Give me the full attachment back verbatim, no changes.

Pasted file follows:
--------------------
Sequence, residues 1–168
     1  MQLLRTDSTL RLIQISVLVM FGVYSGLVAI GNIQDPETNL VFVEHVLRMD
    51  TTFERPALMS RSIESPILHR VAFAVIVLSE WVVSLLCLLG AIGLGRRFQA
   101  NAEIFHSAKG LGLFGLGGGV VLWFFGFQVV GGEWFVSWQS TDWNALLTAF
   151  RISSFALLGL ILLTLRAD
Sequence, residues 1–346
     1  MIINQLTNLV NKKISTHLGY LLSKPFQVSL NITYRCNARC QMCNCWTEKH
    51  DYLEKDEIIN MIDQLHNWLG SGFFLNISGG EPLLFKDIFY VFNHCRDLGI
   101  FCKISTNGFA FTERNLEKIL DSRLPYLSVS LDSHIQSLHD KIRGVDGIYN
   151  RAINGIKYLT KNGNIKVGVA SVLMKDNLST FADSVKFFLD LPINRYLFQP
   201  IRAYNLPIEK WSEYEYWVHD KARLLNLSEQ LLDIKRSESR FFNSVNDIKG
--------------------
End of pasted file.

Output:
Sequence, residues 1–168
     1  MQLLRTDSTL RLIQISVLVM FGVYSGLVAI GNIQDPETNL VFVEHVLRMD
    51  TTFERPALMS RSIESPILHR VAFAVIVLSE WVVSLLCLLG AIGLGRRFQA
   101  NAEIFHSAKG LGLFGLGGGV VLWFFGFQVV GGEWFVSWQS TDWNALLTAF
   151  RISSFALLGL ILLTLRAD
Sequence, residues 1–346
     1  MIINQLTNLV NKKISTHLGY LLSKPFQVSL NITYRCNARC QMCNCWTEKH
    51  DYLEKDEIIN MIDQLHNWLG SGFFLNISGG EPLLFKDIFY VFNHCRDLGI
   101  FCKISTNGFA FTERNLEKIL DSRLPYLSVS LDSHIQSLHD KIRGVDGIYN
   151  RAINGIKYLT KNGNIKVGVA SVLMKDNLST FADSVKFFLD LPINRYLFQP
   201  IRAYNLPIEK WSEYEYWVHD KARLLNLSEQ LLDIKRSESR FFNSVNDIKG